NCBG Timeline


1974

Marks the deaths of both Dr. Totten and his wife Addie, organizer of the Chapel Hill Garden Club, past President of the Garden Club of North Carolina, leader of the North Carolina Wild Flower Preservation Society, and past regional director of an 11-state Southern garden council. The Tottens leave the proceeds of their estate for the purpose of constructing a much-needed building to house garden staff and functions, providing the Garden with its first classrooms, offices, and workrooms.

The Herbarium is designated as a national Resource Center by a National Advisory Committee for Systematic Resources in Botany.

Friends of the Herbarium is organized to support and promote Herbarium operations and services as a scientific and educational resource.

The Mason Farm Biological Reserve hosts community gardeners in the field across from Morgan Creek, adjacent to the dike. Through the efforts of C. Ritchie Bell and Frank Parker, and the Chapel Hill Men's Garden Club seven 25'x 50' plots are first made available to students and townspeople, managed by Nancy Hillmer. A second site is the University's Horace Williams property in Carrboro. Neither site is irrigated. (In 1978 a prolonged drought causes a decrease in gardener registrations as does the condition of roads leading to the sites. In 1983, the Mason Farm Committee requests that the Mason Farm plots be phased out owing to interference with biological research, and litter and unkempt plots. 1988 is the last plot growing season at Mason Farm whose plot-holders are welcomed to transfer their activities to the University's Horace Williams property in Carrboro).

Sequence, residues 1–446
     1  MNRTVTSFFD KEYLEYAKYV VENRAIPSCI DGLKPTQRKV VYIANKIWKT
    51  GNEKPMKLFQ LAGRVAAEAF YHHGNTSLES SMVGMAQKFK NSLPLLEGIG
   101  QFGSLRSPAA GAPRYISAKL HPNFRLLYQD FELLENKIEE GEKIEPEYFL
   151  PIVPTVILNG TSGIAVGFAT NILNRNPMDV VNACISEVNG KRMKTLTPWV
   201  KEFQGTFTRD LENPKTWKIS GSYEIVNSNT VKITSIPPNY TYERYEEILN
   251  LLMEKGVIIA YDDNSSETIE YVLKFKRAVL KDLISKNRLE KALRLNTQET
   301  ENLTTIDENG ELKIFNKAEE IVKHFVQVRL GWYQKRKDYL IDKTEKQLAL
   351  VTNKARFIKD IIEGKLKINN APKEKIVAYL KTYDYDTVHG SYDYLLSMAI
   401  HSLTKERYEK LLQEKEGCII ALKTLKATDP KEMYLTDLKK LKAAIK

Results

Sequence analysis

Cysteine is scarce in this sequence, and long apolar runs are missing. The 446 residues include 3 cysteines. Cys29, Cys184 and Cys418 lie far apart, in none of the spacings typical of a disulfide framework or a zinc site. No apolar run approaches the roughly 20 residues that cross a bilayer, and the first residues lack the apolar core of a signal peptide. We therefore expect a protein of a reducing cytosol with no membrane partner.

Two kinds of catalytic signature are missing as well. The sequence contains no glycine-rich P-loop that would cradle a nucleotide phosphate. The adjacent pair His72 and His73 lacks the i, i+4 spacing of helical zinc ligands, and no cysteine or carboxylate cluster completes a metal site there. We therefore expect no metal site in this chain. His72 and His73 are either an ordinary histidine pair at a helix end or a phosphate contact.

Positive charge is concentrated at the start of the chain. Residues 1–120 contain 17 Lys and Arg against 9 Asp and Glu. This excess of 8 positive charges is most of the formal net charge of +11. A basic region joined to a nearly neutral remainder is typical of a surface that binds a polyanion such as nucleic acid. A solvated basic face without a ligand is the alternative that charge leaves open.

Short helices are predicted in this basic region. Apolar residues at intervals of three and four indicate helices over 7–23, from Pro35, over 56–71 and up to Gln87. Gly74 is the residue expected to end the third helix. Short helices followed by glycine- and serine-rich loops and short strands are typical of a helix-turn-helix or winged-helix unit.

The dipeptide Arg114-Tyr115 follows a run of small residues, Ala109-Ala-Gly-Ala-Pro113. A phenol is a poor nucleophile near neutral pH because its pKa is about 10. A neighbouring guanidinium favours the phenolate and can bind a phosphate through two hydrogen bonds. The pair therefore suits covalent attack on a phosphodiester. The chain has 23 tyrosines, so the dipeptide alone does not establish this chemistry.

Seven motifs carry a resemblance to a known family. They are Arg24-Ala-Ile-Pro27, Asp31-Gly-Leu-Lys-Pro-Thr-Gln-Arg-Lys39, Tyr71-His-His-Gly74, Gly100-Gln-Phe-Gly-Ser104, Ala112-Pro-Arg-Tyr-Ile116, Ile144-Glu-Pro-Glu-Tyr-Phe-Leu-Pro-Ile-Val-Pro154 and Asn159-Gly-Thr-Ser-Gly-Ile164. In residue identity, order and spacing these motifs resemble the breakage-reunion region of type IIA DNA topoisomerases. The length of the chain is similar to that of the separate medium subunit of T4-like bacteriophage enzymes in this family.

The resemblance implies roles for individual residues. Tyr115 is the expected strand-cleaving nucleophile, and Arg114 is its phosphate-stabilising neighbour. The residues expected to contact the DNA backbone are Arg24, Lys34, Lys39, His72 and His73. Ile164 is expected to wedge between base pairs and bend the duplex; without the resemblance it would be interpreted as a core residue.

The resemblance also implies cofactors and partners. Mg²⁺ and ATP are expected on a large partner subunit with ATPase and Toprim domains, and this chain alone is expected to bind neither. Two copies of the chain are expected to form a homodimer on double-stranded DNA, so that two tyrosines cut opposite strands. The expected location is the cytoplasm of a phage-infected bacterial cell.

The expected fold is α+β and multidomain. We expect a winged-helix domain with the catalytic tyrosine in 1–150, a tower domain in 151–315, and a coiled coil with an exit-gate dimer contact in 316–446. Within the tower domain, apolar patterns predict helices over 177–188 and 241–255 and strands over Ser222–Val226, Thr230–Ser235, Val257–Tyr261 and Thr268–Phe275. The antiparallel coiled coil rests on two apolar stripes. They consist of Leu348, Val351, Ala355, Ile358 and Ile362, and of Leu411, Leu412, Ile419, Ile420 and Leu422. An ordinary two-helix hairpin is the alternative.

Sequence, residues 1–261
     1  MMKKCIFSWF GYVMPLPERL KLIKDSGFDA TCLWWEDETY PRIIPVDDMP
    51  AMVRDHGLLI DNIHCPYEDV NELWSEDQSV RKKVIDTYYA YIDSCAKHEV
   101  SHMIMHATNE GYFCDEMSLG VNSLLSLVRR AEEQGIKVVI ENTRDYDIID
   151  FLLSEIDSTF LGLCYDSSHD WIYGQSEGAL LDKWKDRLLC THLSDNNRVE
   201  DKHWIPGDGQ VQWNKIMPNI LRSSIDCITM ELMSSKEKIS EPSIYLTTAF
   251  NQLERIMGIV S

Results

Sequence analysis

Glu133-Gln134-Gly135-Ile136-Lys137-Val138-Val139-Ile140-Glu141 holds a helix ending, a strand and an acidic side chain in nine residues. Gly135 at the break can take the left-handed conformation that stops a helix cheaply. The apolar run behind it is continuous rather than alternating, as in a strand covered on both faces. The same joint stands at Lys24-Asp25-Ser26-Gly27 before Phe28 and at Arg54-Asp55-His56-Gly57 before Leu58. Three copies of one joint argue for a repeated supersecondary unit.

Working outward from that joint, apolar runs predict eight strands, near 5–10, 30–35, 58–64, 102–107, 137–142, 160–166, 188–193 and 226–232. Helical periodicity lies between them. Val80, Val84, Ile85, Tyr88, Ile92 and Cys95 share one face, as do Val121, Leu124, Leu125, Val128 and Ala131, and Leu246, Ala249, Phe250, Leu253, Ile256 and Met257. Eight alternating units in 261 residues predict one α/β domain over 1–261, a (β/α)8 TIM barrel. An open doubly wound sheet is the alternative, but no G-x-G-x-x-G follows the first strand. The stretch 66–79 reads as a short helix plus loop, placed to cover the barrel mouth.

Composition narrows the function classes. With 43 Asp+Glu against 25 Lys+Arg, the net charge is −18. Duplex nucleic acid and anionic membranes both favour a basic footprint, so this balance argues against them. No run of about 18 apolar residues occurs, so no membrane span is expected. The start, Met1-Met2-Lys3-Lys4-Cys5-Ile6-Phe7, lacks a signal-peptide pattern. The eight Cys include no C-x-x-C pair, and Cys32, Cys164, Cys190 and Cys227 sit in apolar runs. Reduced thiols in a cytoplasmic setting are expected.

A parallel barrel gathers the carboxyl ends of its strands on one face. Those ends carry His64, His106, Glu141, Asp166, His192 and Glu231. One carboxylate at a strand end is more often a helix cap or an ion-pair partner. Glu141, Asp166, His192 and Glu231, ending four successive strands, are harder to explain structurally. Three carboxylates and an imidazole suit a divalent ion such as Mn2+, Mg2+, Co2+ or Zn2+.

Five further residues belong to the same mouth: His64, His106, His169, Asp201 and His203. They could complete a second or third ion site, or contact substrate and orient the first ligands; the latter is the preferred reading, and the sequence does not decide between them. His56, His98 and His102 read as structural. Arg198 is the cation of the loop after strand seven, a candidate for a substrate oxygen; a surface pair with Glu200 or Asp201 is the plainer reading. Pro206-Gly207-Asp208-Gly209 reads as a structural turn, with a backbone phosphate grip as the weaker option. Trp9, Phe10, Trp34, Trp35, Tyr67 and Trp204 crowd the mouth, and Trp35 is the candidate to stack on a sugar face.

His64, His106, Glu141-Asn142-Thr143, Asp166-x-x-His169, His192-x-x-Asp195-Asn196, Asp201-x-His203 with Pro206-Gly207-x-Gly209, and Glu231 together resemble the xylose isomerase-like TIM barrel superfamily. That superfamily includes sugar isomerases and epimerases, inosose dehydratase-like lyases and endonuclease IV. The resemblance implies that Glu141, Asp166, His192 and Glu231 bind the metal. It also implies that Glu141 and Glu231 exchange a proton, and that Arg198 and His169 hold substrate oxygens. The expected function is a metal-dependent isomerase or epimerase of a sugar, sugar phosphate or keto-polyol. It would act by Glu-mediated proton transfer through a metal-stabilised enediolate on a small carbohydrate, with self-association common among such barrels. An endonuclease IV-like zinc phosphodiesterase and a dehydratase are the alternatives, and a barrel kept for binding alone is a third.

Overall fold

A “Child's Garden” pilot program is offered at Carrboro Elementary School. Garden staff and volunteers meet twice a week with a group of 6th graders to transform a patch of school yard clay into a cool season vegetable garden.

The Garden is assisting the Garden Club of North Carolina and the Landscape Unit of the Division of Highways with the Operation Wildflowers (roadside) project that will plant native wildflowers along the state's highways. Garden staff helped choose the most appropriate wildflowers and is involved in cultivation methods best suited to the chosen plants.

Three additional Garden staff and a full-time secretary, Kathy Fort (whose office is in Coker Hall) are hired: Rob Gardner, Charlotte Jones-Roe and Alan Johnson. Five state-funded positions were authorized.

Trail shelters, garden signs, bridges, plant flats and other needs are funded by the Junior Service League of Chapel Hill. Industrial Arts students in the Chapel Hill/Carrboro school system will construct many of these improvements.

Labor Day Open House at the Garden for two days draws plant buyers and admirers of native plants, and provides a recruiting ground for volunteers.

Volunteers organize to create a display herb garden, sell herbs, conduct herb workshops, and raise funds for construction of the herb garden and for the endowment.

Used styrofoam cups are solicited to be used for potting seedlings and rooted cuttings as a cost-saving measure.

ID: 30
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Last Update: 2017-01-11
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